2. Identify up to three properties targeted for investment within 45 calendar days of the sale of the prior investment
  3. The investor must close on the purchase of one of those three properties within 180 calendar days of the sale of the prior investment.

Generically, these are the basic steps for all investors. There is a fee for the 1031 Exchange and global investors will also have to comply with the FIRPTA requirements in addition to the general investor requirements. However, in our experience, 1031 exchanges are straightforward to facilitate.

When you are contemplating the sale of your investment property, work with your accountant and Realtor to figure out if in your situation it makes sense to do a 1031 exchange, or if it would be better to simply pay the taxes on the profit. Once you calculate each financial scenario and take into account your personal objectives, it usually will be pretty clear which is the better option for your personal situation.

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Final Points on Capital Gains Tax Advantages for Residents

In the U.S., a married couple is able to earn $500,000 on the sale of their primary residence tax-free. If you are single this number is $250,000. One way to realize a non-taxable gain is by making your U.S. home your primary residence.

Obviously, if this is the case, you must have an applicable residency visa. If you are a resident in your house for 183 days per year, or two years out of a five-year period, and have owned the property for at least two years, then each resident owner is entitled to $250,000 in tax-free earnings.

As a working example: if you purchased a home for $500,000 as a couple, and two years later sell it for $1 million, then the $500,000 gain can be split between two resident spouses as income, and there will be no tax on that gain.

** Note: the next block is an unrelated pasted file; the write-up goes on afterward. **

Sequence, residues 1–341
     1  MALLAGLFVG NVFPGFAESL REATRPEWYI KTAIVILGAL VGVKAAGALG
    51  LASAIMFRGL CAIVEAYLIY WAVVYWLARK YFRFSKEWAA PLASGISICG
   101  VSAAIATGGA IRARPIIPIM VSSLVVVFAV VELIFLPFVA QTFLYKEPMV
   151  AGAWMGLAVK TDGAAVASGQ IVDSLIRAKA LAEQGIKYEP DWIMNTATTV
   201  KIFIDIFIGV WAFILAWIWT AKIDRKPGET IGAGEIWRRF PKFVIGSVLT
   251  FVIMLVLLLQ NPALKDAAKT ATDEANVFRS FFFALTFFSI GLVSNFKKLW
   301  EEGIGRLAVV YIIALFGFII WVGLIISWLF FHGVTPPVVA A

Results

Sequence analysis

Knowing Your Residency Status for Tax Purposes: The 183 Day Rule

You can be taxed for U.S. income tax purposes either as a resident or as a non-resident. Residents are required to report their worldwide income to the U.S. taxing authorities. Non-residents are required to report only income arising from U.S. sources.

There are several ways you can be treated as a resident for U.S. income tax purposes. U.S. citizens are always U.S. income tax residents, regardless of where they live. Under most circumstances, an individual who obtains a Green Card (which allows the holder to reside permanently in the U.S.) will be taxed as a resident.

Even if you are not a U.S. citizen, you could be determined to be an income tax resident in the U.S. merely by the number of days in which you are physically present in the U.S. during the current calendar year, or a combination of days over the last three years. If you’re physically present in the U.S. for 183 days or more in a calendar year, you are treated as a U.S. income tax resident.

Although all of this information may seem intimidating at first, a good realtor with a well established network should be able to put you in contact with the professionals you need to make sure that you understand the rules and can enjoy your new Florida home worry free!

About the Authors: Lisa and Lee Mirman, Duke University MBA’s, have built their Florida real estate practice on uncompromising ethics and transparency. Between them they have spoken as real estate experts all over the world, presented in Congress, and written the best selling ‘must-have’ guide for anyone looking to invest in the Florida property market and lifestyle: Your Guide to Florida Property Investment – Owning, Investing and Enjoying the Florida Lifestyle for Global Buyers, which shares their combined 40 years of expertise in the field.